FREQUENTLY ASKED QUESTIONS

We’ve answered many of your commonly asked questions below on how our online mixing, mastering and production process works. Additionally we highlight tips on how to best prepare your songs for submission to our online mixing, mastering and production services.

Mixing
&
Mastering

What is the difference between mixing and mastering?

Mixing involves taking many different tracks or stems and defining particular space for each element in the song. This is traditionally done through eq, compression, reverb, etc. These tracks are then usually combined into a single stereo track which can then be mastered.

Mastering is the final step to ensure all tracks will sound sonically similar and coherent on the album. Mastering will also help with reproducible playback on a variety of different playback systems (ear buds, car system, club PA, etc.). Mastering also makes your music louder, radio ready, and more 3-dimensional and impactful. Mastering helps to gel the instruments together to make a song that has movement without compromising its sonic integrity.

How long does it take to mix or master a song?

Depending on the complexity and number of stems, songs can typically be mixed between 2-5 days. Albums can take anywhere from 5-15 days depending on workload and complexity.

Mastering usually takes less time with song turn around time around 1-3 days and albums usually taking less than 5 days.

Can I hear a sample of my music mixed or mastered?

Unfortunately, we cannot provide free mixing or mastering samples since this significantly reduces our turn around time. We pride ourselves with our outstanding customer service, so rest assured you will love your final product (and remember you get 10 days of unlimited revisions!). Listen to some mixes or masters from our previous clients and hear for yourself why so many choose Raytown Productions as their go to online mixing and mastering studio!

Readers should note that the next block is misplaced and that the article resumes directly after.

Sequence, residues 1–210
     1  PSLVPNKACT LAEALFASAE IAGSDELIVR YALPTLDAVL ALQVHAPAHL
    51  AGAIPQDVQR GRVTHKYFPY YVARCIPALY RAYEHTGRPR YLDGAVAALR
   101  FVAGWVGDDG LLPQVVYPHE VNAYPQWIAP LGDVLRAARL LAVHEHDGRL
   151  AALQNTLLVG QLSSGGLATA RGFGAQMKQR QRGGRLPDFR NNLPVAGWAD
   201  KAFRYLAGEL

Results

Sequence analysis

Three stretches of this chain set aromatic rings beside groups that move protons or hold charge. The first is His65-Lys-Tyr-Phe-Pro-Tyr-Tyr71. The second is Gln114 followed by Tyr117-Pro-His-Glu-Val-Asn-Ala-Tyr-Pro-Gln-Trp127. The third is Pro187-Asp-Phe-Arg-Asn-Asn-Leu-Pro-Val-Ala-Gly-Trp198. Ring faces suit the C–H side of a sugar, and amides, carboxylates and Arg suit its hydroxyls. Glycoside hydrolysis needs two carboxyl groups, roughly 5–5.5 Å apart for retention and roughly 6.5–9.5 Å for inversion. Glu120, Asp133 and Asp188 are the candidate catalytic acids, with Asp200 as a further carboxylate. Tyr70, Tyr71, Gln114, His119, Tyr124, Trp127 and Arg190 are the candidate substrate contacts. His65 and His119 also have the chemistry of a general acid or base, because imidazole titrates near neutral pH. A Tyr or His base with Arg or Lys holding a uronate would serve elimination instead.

Will you remix my song for free if I didn't like the mix or master?

Absolutely! For 10 days, we will remix/master your songs for free to make sure you get the highest quality product possible.

Will you Auto-Tune my vocals?

Yes, but pitch correction or Auto-Tune isn’t included in the standard mixing & mastering services. Auto-Tuning or pitch correcting vocals is considered post-production. However, if you submit a vocal track that has Auto-Tune already processed on the track, we will gladly mix this at no extra charge.

What is the difference between mixing and post production?

Mixing and mastering service: I mix & master sounds that you create.
Post production: I create new sounds or effects (like Auto-Tune or adding keys strings), drum replacement, or song arrangement changes) that weren’t included in the submitted audio files.

Preparing
Songs
For
Upload

What is a stem?

A stem is one or more tracks or elements mixed down into a single stereo track. For example, a chorus vocal part may consist of 10 different vocal tracks but a chorus vocal stem would only contain 1 stereo vocal track.

All stems should start from the exactly same starting point (beginning of the song) and finish at the end of the song – EVEN if it is just silence! This is very important since we will not be able to align the stems if they don’t all start at EXACTLY THE SAME SPOT.

How do I prepare my song for mixing or mastering?

You can watch this video which does a great job explaining the premastering process and why these steps are important. Basically, there are five big rules to follow:

  1. Export in an uncompressed file format (.wav or .aiff) at the sample rate and bit depth you produced your music.
  2. Leave silence (about 4-6 bars or around 5 sec) before and after the track.
  3. Remove any effects on the main output bus (or upload two versions – one with the effects and one without).
  4. Make sure there is at least -3 dbfs of headroom (-6 dbfs preferred!).